This is a retrospective back on the Top 30 prospects list I wrote before the start of the season. My opinion is that anyone who puts their opinion out there should be accountable for that opinion, in this case rather than just ask whether I was right or wrong, but more why was it right or wrong. The goal is to explore things in the development of a prospect that can point to growth or regression. Additionally just because a prospect fails to live up to or exceeds expectations does it mean the base analysis was wrong when it was written.
The 11-15 range was filled with disappointment. There are a lot of high risk high rewards guys present and it did not go out well. Additionally I was flat out wrong in my evaluation in some places. As always the full list can be found here https://phuturephillies.com/top-30-prospects/mattwinks-top-30/2013-top-30/.
15. Dylan Cozens
Cozens is a freak athlete with plenty of raw power. He has a stiff long swing that will likely have plenty of miss in it, but he has some semblance of an approach. In the field he can stick in right with his plus arm for now but as a giant already it is hard to project him long term in the outfield. Even if he has to move to first the bat will play. He is likely destined for Extended Spring Training and Williamsport but could find a way to Lakewood at some point.
Dylan probably was the best call of the bunch. Cozens has almost no physical project left and so his season showed up as a more polished version of his 2012. He hit for a little more power, struck out a little less, and walked a little less. I am more confident than I was in the preseason that he will come up in the OF, but he reminds me a lot of Adam Dunn in that once he gets older he is going to stiffen and the speed and range will decrease dramatically. That being said Cozens is an interesting prospect still likely just on the fringes of the Top 10.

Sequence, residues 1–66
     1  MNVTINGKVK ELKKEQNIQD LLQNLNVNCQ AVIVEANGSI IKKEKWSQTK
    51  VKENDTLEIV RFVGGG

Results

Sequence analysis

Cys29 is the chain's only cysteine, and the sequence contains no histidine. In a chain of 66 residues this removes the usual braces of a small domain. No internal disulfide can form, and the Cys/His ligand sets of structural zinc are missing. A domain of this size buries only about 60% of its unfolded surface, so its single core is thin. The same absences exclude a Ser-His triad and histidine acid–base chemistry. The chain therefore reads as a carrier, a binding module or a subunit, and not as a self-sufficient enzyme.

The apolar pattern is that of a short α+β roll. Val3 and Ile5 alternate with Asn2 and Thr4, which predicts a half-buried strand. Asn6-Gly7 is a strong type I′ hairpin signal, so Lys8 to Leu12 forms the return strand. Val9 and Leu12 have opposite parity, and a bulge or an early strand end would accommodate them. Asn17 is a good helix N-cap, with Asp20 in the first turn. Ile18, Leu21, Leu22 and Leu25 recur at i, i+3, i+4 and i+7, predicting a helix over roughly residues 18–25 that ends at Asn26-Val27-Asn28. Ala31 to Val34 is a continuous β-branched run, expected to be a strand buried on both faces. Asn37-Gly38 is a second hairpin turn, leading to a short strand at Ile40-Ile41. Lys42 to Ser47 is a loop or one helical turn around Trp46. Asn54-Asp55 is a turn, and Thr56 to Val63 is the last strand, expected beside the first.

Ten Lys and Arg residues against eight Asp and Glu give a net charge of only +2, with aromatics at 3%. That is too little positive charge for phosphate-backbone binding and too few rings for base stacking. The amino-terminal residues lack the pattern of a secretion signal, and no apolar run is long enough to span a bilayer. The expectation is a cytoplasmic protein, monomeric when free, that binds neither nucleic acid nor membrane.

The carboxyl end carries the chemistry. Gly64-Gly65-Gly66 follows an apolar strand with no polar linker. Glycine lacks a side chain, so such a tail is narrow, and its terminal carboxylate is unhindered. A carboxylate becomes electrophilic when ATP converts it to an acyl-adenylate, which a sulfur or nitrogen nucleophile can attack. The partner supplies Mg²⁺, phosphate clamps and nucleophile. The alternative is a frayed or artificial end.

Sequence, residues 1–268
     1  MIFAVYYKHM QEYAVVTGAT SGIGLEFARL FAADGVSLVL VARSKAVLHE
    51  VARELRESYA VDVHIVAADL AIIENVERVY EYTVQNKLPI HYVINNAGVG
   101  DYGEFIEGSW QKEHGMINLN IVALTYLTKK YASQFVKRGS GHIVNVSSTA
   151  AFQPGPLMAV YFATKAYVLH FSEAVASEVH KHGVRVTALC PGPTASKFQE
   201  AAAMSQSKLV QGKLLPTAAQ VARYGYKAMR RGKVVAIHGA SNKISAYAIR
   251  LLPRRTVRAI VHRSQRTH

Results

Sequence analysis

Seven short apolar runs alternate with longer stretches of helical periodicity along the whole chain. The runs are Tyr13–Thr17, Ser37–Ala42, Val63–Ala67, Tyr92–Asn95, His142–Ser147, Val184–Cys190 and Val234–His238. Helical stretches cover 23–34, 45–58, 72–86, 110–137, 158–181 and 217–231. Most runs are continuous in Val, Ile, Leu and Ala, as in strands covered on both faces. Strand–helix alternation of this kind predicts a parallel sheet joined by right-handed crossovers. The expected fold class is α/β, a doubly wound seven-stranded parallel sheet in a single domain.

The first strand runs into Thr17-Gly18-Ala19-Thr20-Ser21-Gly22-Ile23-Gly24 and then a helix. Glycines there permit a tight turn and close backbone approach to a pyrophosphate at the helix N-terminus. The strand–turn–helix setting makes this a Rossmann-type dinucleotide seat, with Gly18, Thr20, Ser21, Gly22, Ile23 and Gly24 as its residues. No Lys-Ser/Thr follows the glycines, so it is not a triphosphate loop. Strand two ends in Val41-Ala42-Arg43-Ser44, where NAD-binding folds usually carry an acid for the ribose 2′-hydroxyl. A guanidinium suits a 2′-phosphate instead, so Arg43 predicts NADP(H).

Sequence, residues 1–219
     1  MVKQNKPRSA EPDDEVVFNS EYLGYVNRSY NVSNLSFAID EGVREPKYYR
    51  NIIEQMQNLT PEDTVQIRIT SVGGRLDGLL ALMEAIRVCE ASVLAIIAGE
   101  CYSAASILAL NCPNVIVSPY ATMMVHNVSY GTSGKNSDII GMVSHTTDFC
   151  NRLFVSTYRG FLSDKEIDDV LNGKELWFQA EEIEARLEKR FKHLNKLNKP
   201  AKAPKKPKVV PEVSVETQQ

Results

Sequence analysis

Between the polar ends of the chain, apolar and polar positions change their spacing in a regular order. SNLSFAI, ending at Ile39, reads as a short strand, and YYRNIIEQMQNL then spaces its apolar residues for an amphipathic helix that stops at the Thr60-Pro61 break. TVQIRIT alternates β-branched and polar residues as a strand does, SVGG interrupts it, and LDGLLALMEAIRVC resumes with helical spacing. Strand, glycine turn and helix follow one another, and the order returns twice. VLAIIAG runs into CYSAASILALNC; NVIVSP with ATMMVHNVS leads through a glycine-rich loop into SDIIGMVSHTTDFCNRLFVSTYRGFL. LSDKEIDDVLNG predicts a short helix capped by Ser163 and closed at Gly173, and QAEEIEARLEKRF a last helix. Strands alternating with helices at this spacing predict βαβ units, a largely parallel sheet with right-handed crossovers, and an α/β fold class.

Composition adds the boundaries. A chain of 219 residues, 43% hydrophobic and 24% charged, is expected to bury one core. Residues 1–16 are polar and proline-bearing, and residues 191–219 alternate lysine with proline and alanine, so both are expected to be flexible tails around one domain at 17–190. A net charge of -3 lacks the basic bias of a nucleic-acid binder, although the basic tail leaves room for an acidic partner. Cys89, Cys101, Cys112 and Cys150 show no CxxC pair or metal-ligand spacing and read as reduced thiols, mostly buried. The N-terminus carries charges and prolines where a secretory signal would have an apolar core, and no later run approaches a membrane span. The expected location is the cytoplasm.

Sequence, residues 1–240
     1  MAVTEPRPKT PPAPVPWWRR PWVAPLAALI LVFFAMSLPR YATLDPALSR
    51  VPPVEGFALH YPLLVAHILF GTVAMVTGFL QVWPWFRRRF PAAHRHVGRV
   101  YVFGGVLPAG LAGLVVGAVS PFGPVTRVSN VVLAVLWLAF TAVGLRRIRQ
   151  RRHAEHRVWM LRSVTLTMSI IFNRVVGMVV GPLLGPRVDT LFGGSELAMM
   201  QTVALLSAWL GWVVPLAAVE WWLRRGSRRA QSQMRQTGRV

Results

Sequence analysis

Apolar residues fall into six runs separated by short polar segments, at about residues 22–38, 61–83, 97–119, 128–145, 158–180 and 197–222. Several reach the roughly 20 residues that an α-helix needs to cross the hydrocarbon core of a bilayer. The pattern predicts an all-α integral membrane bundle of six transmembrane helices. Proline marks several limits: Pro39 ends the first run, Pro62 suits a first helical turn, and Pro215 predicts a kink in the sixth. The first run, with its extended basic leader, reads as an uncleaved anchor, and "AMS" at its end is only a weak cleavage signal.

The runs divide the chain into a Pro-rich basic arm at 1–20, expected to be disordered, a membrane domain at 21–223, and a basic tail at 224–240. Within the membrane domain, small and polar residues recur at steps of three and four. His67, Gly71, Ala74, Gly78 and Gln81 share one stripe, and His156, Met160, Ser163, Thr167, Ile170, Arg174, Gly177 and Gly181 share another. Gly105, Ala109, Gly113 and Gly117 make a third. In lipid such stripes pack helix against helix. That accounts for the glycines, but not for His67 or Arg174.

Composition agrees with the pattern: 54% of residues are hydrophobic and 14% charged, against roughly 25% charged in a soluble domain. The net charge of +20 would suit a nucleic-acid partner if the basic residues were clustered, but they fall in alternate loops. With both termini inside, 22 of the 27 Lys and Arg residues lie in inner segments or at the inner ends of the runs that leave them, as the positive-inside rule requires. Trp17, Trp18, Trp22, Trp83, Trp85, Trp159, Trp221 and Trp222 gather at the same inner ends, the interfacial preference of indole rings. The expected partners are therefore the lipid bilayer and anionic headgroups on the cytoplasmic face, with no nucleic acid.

14. Darin Ruf
There was no good place to rank Ruf. The reason for ranking Ruf so low is there are concerns about the swing and miss against good stuff now, and that he sells out more for power than his previous high contact line drive approach, in addition to the defensive concerns. At first base the bat is average to lower because he does not have stand out plate discipline and walk rates, and in left field he does not have the range or skills to be a good defender. Ruf will have his uses on a major league roster and could start for many teams (and might for the Phillies), but can the bat be enough over a full season of adjustments and overcome the defense.
I am a noted Darin Ruf disbeliever and at this point I should probably cut my losses and say that his career 1.4 WAR already banked is better than some player around him. But I still think he is a major league bench player with extreme holes in his swing and defensive deficiencies. If Ruf was eligible he would not crack my Top 10 and might actually fall from this #14 ranking.
13. Phillippe Aumont